"The question of French repentance for the crimes committed in Algeria also reveals a deeper fear that transcends the question of colonialism. Indeed, these historical claims are often linked to anxieties around sex, gender, and race. For these individuals, defending France’s strength and honor by insulting an Algerian minister is part of a broader struggle to save a normative racial and heterosexual political order. For example, a media figure like Eric Zemmour, whose racist statements have provoked many a debate, has been particularly worried about the extinction of manhood. For him, French society is facing a dangerous process of feminization. This intersection between gender anxiety and racism is present not only in the writings of Zemmour, but also in the non-repentance for the aforementioned French crimes committed in Algeria.”

—Read more on Neither Regret Nor Remorse: Colonial Nostalgia Among French Far Right

"Palestinian rap trio DAM dropped their latest video “If I Could Go Back in Time” a week ago at a press conference in Ramallah. Working in cooperation with UN Women, the subject of the song is domestic violence and crimes against women. With this release, DAM members Mahmoud Jreri, Suhell Nafar, and Tamer Nafar affirm their reputation as audacious socially-conscious rappers by continuing to take on taboo issues in Palestinian society. They do so through hip-hop, whose mainstream stars are all too often themselves guilty of propagating intensely sexist and homophobic content. In so doing, DAM are contributing to transforming hip-hop into a safe space for women and women’s issues domestically while breaking the social silence surrounding controversial socio-political topics and offering an opening salvo in an indigenous conversation about internal problems.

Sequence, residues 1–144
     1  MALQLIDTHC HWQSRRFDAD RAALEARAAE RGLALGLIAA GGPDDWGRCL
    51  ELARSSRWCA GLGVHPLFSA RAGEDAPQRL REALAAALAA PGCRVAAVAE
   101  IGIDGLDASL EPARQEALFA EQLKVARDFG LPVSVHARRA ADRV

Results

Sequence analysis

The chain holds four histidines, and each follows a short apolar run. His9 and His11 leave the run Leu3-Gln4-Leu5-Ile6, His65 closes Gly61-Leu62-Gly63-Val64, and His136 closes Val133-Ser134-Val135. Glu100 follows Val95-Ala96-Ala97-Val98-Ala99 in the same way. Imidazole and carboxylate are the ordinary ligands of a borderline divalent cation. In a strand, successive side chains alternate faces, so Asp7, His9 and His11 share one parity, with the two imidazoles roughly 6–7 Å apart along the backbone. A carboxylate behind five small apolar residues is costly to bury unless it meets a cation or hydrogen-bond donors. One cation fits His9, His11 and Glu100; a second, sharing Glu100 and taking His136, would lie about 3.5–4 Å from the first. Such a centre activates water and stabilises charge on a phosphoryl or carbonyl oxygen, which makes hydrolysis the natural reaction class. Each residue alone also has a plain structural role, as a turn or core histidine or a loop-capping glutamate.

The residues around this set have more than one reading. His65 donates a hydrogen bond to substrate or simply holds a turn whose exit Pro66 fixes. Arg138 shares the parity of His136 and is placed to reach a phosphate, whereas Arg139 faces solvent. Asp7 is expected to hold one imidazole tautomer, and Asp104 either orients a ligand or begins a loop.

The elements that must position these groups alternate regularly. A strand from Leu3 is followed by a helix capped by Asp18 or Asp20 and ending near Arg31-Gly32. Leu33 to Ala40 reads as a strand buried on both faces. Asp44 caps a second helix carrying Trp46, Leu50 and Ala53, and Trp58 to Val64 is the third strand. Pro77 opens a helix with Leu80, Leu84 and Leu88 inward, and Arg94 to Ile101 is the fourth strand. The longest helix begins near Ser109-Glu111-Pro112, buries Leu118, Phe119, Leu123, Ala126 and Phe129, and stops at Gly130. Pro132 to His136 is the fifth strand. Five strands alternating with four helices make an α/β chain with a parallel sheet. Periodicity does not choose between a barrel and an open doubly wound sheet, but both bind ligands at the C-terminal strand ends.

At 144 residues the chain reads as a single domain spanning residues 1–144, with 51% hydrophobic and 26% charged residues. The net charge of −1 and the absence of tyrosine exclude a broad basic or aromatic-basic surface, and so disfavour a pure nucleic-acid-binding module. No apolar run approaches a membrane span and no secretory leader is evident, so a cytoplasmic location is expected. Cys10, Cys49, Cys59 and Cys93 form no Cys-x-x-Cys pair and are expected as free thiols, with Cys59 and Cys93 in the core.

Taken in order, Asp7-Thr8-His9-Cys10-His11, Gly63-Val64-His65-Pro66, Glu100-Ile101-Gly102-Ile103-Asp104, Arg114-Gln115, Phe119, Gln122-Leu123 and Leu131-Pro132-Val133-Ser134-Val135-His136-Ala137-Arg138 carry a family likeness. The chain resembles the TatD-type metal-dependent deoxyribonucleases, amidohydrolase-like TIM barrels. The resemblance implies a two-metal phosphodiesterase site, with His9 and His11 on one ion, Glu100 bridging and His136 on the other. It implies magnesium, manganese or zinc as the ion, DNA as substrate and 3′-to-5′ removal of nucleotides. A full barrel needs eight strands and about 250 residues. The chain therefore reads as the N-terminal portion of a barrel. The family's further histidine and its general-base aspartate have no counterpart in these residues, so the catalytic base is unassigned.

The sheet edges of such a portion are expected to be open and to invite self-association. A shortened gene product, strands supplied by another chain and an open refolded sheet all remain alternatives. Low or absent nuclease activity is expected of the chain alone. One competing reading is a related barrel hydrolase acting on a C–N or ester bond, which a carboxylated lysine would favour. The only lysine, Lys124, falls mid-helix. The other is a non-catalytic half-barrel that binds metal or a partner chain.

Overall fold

[…]